Gibson Super 400

Measuring a full 18 inches across its lower bout, the Super 400 cost $400 at the time of its official introduction in June 1935, $35 more than the L-5, which it replaced as Gibson’s flagship model.

Super 400 Serial Number 91809

The example pictured here was entered into Gibson’s ledgers in April 1935 (serial number 91809) qualifying it as one of the first two Super 400 guitars to be delivered by the Gibson factory (it is the earliest surviving example known at this time).

The label reads Deluxe at the top and L-5 for the model while the deco-shaped black truss rod cover is engraved Super L-5. Unlike later production examples the tailpiece is not engraved with the Super 400 legend – though the heel displays the words Super 400. Perhaps Gibson was hedging its bets between the Super L-5 and Super 400 names when this guitar was built?

The scale length is 24-7/8 inches and the top is X-braced. Deluxe features include multiple binding around the top, back, pickguard, f-holes, fingerboard and headstock. The fingerboard carries a series of split block pearl inlays while the headstock displays a five-piece split diamond motif with a similar design on its reverse. All hardware is gold-plated.

This guitar was featured on the album Tone Poems II, by Martin Taylor and David Grisman and can be heard on track six, Anything Goes.

Photos courtesy of Dave Matchette and Elderly Instruments

1935 Gibson Super 400 Serial Number 92091

Joe Spann: Super 400 serial number 92091 was shipped on the 9th  July 1935 to the New York Band Inst. Co., and then again on the 24th Mar. 1936 to Frank Staffa. It is the 14th Super 400 produced when arranged by serial number”.

Features include a small upper bout; small f-holes, an X-braced; ‘thin’ top and a 24 ¾ inch scale length. The guitar is fitted with new gold-plated Waverly tuners and a repro marbled celluloid pick guard copied from the deteriorated original by Cris Mirabella

The guitar’s truss rod cover is inscribed with the name ‘Frank Staffa’ who was guitarist for Rudy Vallee and his Connecticut Yankees  in the 1930s.

Frank Staffa, who owned this guitar

Images above courtesy of Rod Mcdonald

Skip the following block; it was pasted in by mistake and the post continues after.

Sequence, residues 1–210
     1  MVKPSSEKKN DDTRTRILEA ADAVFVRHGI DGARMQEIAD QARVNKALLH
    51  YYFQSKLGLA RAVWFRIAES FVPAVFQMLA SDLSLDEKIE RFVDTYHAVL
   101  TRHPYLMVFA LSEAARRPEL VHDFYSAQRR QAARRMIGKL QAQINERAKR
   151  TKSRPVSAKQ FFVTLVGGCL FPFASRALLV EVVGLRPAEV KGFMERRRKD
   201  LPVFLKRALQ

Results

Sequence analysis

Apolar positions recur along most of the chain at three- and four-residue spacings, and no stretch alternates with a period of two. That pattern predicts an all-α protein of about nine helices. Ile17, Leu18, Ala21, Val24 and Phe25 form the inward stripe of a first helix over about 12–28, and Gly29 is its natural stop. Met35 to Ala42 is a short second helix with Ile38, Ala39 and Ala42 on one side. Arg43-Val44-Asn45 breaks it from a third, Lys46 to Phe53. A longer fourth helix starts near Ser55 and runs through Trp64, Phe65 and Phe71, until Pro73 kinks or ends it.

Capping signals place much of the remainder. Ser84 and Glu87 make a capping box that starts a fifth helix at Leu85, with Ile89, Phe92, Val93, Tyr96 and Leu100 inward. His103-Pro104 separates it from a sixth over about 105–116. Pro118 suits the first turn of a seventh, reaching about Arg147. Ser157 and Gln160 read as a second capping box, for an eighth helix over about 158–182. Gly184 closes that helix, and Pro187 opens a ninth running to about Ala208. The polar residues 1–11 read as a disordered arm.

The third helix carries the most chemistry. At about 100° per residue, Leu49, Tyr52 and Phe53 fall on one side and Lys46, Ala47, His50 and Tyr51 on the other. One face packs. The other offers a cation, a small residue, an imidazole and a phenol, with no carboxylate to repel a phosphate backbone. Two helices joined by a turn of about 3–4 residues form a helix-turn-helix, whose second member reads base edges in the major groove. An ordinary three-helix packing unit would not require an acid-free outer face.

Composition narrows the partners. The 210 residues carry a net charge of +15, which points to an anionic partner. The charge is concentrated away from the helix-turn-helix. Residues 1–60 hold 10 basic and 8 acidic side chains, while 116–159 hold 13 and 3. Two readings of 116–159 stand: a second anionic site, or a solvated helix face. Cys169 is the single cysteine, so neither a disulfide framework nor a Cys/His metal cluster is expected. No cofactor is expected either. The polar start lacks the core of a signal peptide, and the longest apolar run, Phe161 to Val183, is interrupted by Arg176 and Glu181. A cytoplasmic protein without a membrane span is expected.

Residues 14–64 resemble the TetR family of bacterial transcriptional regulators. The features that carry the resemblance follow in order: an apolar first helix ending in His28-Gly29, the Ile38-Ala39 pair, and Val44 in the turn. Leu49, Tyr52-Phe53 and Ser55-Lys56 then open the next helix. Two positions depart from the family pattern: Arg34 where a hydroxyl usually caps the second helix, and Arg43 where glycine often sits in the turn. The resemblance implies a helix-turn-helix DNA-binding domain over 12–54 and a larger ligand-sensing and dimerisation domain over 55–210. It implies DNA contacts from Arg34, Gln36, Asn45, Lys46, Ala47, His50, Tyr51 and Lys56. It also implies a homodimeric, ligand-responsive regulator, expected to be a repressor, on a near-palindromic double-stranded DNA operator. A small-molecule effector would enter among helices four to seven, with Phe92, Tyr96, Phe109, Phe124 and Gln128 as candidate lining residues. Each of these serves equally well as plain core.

Alvino Rey’s 1935 Gibson Super 400 Serial Number 92096

While working with Gibson in 1935, Rey became one of the first three owners of the company’s newly announced Super 400 model, along with guitarists Tony Romano and Muzzy Marcellino (joined soon after by one Rhubarb Red, later known as Les Paul.)

That guitar was Super 400 serial number 92096. The feature that sets Alvino’s Super 400 apart is its Natural finish. Indeed, it was Gibson’s first blonde archtop, and the only first generation Super 400 shipped with a Natural finish.

Gibson’s ledger from March of 1936 tells us that the guitar was returned to the factory for repair or refurbishment, at which time the original Natural finish may have been replaced.

Images courtesy of Archtop.com

1940 Gibson Super 400N Serial number: 96112

This beautiful 1940 Super 400N features the natural finish option that Gibson introduced in 1939. Note the gold-plated Kluson Sealfast tuners, Varitone tailpiece and the Super 400 legend engraved on its heel cap

Images above courtesy of Arlan Ettinger of Guernsey Auctions and photographer Paul Schraub

Gibson Super 400N 96242 

Gibson Super 400N serial number 96242 was made for Texas cowboy William Fulton Peale, Jr. (first cousin to Norman Vincent Peale, author of The Power of Positive Thinking). 

Peale ordered the guitar in 1940 but shortly after it arrived, he returned it to Kalamazoo to have his name – surrounded by a series of small stars – inlaid in pearl script along the fingerboard. At the same time Gibson installed a fancy engraved pearloid pickguard.

Images above courtesy of The Guitar Broker

Super-400 P (Premier) Serial Number 96691

In early 1937 the width of the Super-400’s upper bout was widened to 13 5/8 inches and its scale length increased to 25 ½ inches. An optional Natural finish was available by late 1937 and from 1939 the model was offered with a cutaway as the Super-400 P.

Features typical of this period include a celluloid heel cap engraved with the model name, a large Varitone tailpiece with a rounded Y shape centre section – also engraved with the ‘Super-400’ legend – and enclosed back Kluson tuners with amber plastic buttons.

Images above courtesy of Blue-G, Tokyo, Japan